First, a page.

Purpose – The purpose of this paper is to re‐conceptualize the relations between rhetorical strategies and material practices in the processes whereby leaders create or change organizational cultures. Design/methodology/approach – The authors compare and contrast two broad perspectives on cultural change in organizations. The first perspective is informed by modern social science, and focuses primarily on material practices. The second perspective is rooted in classical rhetoric, and concentrates on discursive strategies. Findings – It is found that both perspectives hold pertinent but partial insights. The authors propose an integrated perspective in which material practices and rhetorical strategies are seen as two analytical sides of the same ontological coin. This enables a fuller and more detailed explanation of how organizational cultures are created or changed. A brief illustration is provided of the merits of this approach by revisiting the case of Enron. Originality/value – The paper constitutes an initial exploration of how social scientific and rhetorical perspectives on organizational change may be brought closer together. It may provide the first step towards the development of a new, integrated theory.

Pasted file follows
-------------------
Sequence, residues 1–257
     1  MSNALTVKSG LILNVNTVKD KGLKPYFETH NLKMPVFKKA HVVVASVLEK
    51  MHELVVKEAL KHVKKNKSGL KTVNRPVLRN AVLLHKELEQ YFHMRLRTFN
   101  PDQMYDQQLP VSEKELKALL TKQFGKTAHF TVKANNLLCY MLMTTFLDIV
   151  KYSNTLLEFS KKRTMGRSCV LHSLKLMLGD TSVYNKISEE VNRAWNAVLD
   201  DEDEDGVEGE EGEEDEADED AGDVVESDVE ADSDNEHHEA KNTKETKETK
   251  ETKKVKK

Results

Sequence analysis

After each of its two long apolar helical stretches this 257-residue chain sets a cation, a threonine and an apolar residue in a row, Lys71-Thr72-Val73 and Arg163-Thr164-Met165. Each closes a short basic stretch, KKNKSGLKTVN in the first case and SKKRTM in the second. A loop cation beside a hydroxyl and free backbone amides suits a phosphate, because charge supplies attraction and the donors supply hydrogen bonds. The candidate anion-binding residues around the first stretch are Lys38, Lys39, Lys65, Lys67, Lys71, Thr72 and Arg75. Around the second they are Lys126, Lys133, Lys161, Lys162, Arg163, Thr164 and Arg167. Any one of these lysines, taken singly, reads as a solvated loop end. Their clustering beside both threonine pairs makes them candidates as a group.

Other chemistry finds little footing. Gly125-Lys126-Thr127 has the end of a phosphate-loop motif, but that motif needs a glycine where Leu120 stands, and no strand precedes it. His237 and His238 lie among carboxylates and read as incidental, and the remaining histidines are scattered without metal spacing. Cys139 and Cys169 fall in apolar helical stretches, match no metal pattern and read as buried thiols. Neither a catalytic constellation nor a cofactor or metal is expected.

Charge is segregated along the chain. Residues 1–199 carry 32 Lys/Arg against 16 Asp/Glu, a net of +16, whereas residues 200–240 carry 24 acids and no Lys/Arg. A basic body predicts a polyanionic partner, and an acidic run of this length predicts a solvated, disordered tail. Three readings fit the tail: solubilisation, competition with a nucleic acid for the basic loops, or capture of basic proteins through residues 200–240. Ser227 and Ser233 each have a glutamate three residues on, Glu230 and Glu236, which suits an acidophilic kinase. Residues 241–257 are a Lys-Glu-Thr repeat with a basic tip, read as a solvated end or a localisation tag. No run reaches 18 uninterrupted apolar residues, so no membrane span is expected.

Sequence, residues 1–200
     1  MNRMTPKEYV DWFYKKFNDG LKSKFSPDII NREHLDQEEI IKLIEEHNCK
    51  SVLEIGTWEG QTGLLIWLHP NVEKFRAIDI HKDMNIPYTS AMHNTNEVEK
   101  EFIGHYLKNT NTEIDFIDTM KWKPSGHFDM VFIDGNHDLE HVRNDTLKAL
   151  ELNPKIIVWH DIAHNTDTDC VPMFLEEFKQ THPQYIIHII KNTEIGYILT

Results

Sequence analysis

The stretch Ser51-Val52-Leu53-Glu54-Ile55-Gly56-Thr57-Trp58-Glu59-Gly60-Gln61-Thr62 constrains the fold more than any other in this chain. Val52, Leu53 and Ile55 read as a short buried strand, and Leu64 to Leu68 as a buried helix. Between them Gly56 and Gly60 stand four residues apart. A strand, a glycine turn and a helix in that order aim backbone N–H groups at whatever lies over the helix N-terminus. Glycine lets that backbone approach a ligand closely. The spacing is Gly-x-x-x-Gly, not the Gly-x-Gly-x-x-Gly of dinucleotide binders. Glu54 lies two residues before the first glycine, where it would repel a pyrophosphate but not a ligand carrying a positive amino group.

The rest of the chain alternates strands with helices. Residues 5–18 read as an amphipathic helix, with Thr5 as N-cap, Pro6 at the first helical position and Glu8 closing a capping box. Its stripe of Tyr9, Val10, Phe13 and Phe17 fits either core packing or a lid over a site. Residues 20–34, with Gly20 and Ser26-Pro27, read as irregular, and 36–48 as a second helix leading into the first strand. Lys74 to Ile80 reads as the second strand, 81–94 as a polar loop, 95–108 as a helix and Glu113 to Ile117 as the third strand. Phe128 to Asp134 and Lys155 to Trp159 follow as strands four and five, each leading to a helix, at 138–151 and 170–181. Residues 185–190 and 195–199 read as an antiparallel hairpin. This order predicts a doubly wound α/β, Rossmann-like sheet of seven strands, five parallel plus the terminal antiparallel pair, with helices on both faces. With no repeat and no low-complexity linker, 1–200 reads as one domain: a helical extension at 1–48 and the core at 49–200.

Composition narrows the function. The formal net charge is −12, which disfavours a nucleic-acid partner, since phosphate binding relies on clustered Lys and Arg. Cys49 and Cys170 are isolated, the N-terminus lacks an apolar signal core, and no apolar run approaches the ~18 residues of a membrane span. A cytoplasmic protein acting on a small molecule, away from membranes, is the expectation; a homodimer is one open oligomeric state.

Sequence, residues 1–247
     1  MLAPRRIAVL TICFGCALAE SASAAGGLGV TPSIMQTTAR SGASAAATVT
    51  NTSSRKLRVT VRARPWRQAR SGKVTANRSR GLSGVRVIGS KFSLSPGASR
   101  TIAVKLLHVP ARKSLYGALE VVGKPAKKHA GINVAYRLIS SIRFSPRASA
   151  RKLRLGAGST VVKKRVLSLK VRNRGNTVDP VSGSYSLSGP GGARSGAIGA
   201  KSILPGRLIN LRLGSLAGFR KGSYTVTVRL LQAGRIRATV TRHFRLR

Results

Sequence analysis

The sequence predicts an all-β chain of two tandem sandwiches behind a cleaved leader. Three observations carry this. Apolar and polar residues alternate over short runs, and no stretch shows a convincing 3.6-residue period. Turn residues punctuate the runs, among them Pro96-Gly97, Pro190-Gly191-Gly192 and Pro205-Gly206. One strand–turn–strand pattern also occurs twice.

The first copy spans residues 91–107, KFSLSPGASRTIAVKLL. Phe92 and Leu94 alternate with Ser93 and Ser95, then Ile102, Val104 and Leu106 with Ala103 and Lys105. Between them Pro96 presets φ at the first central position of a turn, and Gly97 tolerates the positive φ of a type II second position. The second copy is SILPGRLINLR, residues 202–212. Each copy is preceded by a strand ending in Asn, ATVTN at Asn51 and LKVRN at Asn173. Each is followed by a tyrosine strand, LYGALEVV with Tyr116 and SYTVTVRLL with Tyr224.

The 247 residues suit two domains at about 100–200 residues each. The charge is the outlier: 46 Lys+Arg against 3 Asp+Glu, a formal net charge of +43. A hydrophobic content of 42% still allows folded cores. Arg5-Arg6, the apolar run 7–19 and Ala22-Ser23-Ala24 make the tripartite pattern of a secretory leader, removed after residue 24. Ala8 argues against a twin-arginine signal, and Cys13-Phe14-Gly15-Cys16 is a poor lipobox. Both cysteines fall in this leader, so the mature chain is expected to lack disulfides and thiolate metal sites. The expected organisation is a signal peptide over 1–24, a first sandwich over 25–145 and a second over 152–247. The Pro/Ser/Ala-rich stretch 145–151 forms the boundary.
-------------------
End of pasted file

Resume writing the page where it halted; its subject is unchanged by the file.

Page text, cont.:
Journal of Organizational Change Management – Emerald Publishing
Published: Mar 30, 2012
Keywords: Organizational culture; Organizational change; Change management; Rhetoric; Material practices; Embedding mechanisms
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